I admit, I’m quite new to the American tank designs, and my introduction to this subject was from playing World of Tanks. (Everyone has to start somewhere.) Aside from the confusing names and designations, I find these armored fighting vehicles very fascinating, and the Super Pershing has a special place in my heart –along with the T2 Light Tank. Once I got familiar with them, I found it very interesting to follow the evolution of American tanks. There are so many strange-looking pre-war and early war tanks, which, nevertheless, clearly point towards the more known (and more successful) designs, like the M3 or M4 medium tanks. And there are the late-war tanks, which came too late to make a difference in the war, their development was marred by infighting between generals with altogether too great egos, and clashing opinions, but which were displaying a much more advanced design philosophy than their contemporary German counterparts.
The M26 series of heavy tanks (later reclassified as mediums) already look as if they were designed in the Cold War. Although they had technical problems (the transmission and low engine power were particularly problematic), the testament of the success of the design is that the very successful Patton series was designed on the basis of this tank. (Which, ironically, were used as props for German tanks in Hollywood war movies made in the ‘50s-‘60s, but that’s a different story altogether.)
The tank most commonly referred to as Super Pershing is a modification of the basic T26A1 which was armed with the very long T15E1 90mm gun. This gun was comparable to the German KwK43 gun. Only one of these tanks was sent over to Europe, and it was supplied with appliqué armor before deployment. The hull was protected by an added 40mm boiler plate, and the mantle was protected by an 80mm armor plate taken from a Panther tank. The Super Pershing only took part in one engagement, on the 4th of April 1945, when it knocked out a Tiger (or Panther) at a range of 1500 yards. (The book Another River, Another Town, by John P. Irwin provides details about this engagement.)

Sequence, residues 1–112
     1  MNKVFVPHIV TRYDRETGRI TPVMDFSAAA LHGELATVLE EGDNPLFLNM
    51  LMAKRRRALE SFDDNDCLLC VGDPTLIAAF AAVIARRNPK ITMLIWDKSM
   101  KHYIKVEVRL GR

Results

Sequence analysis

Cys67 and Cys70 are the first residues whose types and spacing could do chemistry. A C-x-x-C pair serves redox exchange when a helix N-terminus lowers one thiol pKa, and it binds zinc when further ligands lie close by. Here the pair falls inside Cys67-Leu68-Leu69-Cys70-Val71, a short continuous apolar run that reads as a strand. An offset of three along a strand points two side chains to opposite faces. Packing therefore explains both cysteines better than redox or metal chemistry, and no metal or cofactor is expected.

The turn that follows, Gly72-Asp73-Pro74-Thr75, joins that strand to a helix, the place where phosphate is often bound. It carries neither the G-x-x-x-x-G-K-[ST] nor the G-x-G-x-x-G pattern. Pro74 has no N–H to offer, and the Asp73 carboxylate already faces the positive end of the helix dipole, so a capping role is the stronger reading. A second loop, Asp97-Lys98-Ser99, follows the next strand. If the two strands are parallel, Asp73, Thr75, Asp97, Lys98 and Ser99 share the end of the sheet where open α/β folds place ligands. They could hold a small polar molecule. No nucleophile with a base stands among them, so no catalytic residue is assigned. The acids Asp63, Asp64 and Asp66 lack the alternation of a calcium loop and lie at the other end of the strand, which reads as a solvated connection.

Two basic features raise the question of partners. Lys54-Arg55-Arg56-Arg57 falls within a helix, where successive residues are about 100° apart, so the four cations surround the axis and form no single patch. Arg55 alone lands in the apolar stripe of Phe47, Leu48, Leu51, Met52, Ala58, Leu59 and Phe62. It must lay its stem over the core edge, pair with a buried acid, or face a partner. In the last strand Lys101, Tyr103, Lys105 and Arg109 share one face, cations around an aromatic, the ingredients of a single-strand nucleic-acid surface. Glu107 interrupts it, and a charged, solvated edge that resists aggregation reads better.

What you get
The conversion kit comes in a zip lock bag stapled to a paper. This might look like a bit risky way to package resin, but fortunately the delicate parts were not damaged during shipping. The conversion consists of 8 parts cast in butter-colored resin. The resin is not brittle, and easy to work with. There are no instructions included, but it’s not unusual in resin kits, and certainly not a problem with a simple one as this.
You get a replacement turret, counterbalance, the balance springs for the gun, the frontal armor, additional armor for the gun mantle, and the two armor-flaps protecting the turret. The details are generally crisp, the turret has some flaking on one side and one of the hatch openings has a lot of extra resin, but none of this is difficult to remedy. (Unless you want to picture the hatch open. Since the turret is one solid resin piece, it’s probably better to close the hatches. Should you decide to use a Dremel to clean the extra resin off, please remember that resin dust is toxic; work in a booth and wear a mask).
The only real issue I have with the casting is the balance springs; one spring has a casting error on the end, which is going to be very difficult to correct. (For me at least.) I might try to scratch build another one, which should be quite simple, though. There are two missing parts from the conversion: there is no hatch given. It's simply missing from the conversion, and there are no hatches of this kind provided with the Trumpeter base kit. The other prominent feature missing are the extra track links mounted on the side of the turret, which are very visible on photos.
It is a very simple conversion using Trumpeter’s 1/72 T26E4 kit.
Highs: Easy, quick conversion, good detail.Lows: Missing parts, casting problems in hard-to correct areasVerdict: An inexpensive and easy conversion to make a very unique-looking vehicle.
I am a biologist by trade, and as a hobby I've been building scale models for the last twenty years. Recently I started to write reviews of the models I bought. These reviews are written from the point of view of an average model builder; hence the focus is on quality of the model, how easy it is to...